2. The puzzles are generally linear, with the solution to one puzzle required for the solution to another. I would prefer a more tree-like approach, so that a couple of players could work on one puzzle while a couple of others worked on another.

      On the other hand, most of the puzzles required a common resource (the puzzle book). A tree structure might not help if everyone in the game wanted to look at the book at once.

As you may have gathered by the tone of this post, I did not enjoy Forbidden Castle as much as The Secret Lab. I’m definitely going to play the other, hopefully easier EXIT games I’ve purchased, but after that I may to look to escape-room games from other publishers.

EXIT: The Game

Please don’t buy any of the Thames & Kosmos EXIT games… so I can play them with you!

I purchased my first EXIT game because the series had won the prestigious Spiel des Jahres (Game of the Year) award in 2017. These are “escape room” games: Your character is trapped, and can only escape by solving a series of puzzles. I played EXIT: The Secret Lab with a group of friends, and greatly enjoyed myself. Here’s a picture of me working on the game along with three hot chicks:


Some notes:

  • There’s no replayability in these EXIT games. Once you’ve played one, you know the solutions to all its puzzles.
  • Game play is “destructive”, in that you may cut apart some of the game components. In theory you could work your away around this (e.g., scanning everything and printing it on a color printer) but in practice that’s too much effort for such an inexpensive game.

    This means that, unlike some murder-mystery party games I’ve played, you can’t pass your copy of this game to someone else once you’ve played it.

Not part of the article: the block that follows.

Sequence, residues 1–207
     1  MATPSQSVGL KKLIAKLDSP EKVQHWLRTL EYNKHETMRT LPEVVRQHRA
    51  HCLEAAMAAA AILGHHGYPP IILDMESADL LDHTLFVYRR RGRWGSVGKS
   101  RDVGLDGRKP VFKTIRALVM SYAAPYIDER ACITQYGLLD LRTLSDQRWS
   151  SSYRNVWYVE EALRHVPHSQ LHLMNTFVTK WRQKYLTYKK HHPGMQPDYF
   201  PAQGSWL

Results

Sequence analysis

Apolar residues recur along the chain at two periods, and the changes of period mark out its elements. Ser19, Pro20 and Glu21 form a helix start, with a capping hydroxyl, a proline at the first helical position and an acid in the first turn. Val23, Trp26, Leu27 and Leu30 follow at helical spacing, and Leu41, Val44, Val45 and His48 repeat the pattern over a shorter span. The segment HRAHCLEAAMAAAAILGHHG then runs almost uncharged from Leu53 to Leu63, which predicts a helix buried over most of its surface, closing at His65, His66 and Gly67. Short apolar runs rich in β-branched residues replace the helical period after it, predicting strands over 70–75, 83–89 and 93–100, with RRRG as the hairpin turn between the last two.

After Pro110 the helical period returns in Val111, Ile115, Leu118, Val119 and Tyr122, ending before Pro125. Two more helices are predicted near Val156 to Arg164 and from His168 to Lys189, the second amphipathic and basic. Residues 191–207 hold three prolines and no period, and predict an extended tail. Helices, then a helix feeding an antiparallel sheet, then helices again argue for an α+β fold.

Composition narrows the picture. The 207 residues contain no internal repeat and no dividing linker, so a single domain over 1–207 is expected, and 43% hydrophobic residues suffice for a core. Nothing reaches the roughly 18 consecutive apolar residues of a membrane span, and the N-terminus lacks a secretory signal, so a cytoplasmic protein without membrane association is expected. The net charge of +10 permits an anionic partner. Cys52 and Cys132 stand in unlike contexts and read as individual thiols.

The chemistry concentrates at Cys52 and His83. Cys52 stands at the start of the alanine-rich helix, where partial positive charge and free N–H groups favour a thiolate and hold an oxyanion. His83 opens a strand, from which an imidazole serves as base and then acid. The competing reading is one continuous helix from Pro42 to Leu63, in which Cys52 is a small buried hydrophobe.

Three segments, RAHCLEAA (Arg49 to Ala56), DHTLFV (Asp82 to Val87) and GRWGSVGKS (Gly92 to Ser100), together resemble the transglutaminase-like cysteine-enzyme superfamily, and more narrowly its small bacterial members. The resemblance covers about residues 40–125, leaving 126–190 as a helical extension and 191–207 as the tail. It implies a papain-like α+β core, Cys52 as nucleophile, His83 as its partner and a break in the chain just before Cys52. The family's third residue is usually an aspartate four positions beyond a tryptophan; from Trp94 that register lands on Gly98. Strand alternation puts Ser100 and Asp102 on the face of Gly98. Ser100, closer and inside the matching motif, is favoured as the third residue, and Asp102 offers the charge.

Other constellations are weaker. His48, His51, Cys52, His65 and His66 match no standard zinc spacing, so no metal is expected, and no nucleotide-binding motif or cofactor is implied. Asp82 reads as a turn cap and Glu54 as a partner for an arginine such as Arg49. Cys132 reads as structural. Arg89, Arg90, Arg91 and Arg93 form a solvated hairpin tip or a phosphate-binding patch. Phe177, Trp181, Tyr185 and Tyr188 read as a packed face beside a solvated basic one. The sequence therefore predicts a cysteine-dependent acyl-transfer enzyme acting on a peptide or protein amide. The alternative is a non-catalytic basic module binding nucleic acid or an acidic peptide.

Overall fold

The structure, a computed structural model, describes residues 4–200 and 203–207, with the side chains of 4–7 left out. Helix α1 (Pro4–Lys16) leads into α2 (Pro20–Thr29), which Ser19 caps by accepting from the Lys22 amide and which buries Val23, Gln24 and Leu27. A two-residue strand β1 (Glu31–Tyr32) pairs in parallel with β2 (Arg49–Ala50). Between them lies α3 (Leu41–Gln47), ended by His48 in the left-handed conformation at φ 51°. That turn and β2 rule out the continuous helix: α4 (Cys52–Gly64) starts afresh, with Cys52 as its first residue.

• The game instructions suggest you have a scissors nearby. I strongly suggest that you start the game with a pair of scissors, paper for taking notes, and at least two pens or pencils. You may regret the time spent hunting around the house for these things while you’re playing the game (see next item).
  • A live escape room typically has a time limit. There’s no explicit time limit in EXIT, but the time you take to solve the game affects your score.
  • Scoring is based on how long you take to escape and how many help cards you use to solve the puzzles. You get the best score, ten stars, if you solve the game in under an hour and use no help cards; you get only 1 star if you take more than two hours to solve it and you use more than ten help cards.

    We got a score of eight stars when we played EXIT: The Secret Lab, because we escaped in a bit less than two hours, but used no help cards.

  • You can get a score of four stars if you start the game and immediately use all the help cards to solve the puzzles. In theory one could call this cheating, but hey, it’s your copy!
  • Each EXIT game lists a different number of players on the game box, “1 to 4” or “1 to 6”. We started out with seven players, but three of them drifted away when they found that the puzzles were not to their taste. In practice, there’s no limit to the number of players, but with more than four players not everyone may get a chance to examine each clue in detail.
  • Cooperative games often suffer the problem of the “alpha player” who takes control of everything. That didn’t happen with us. Everyone contributed to solving at least one puzzle, even the ones who only participated briefly in the game.
  • The EXIT games are inexpensive, and expense was definitely spared. In particular, the puzzle wheel that comes with the game is flimsy. The one in my copy had fallen apart, though I managed to repair it. So be forewarned: handle the game components carefully.

I’ve already ordered four more EXIT games: Abandoned Cabin, Forgotten Island, Forbidden Castle, and Polar Station. I’ll bring these games to the next few game events I attend.

Let me know if you want to escape!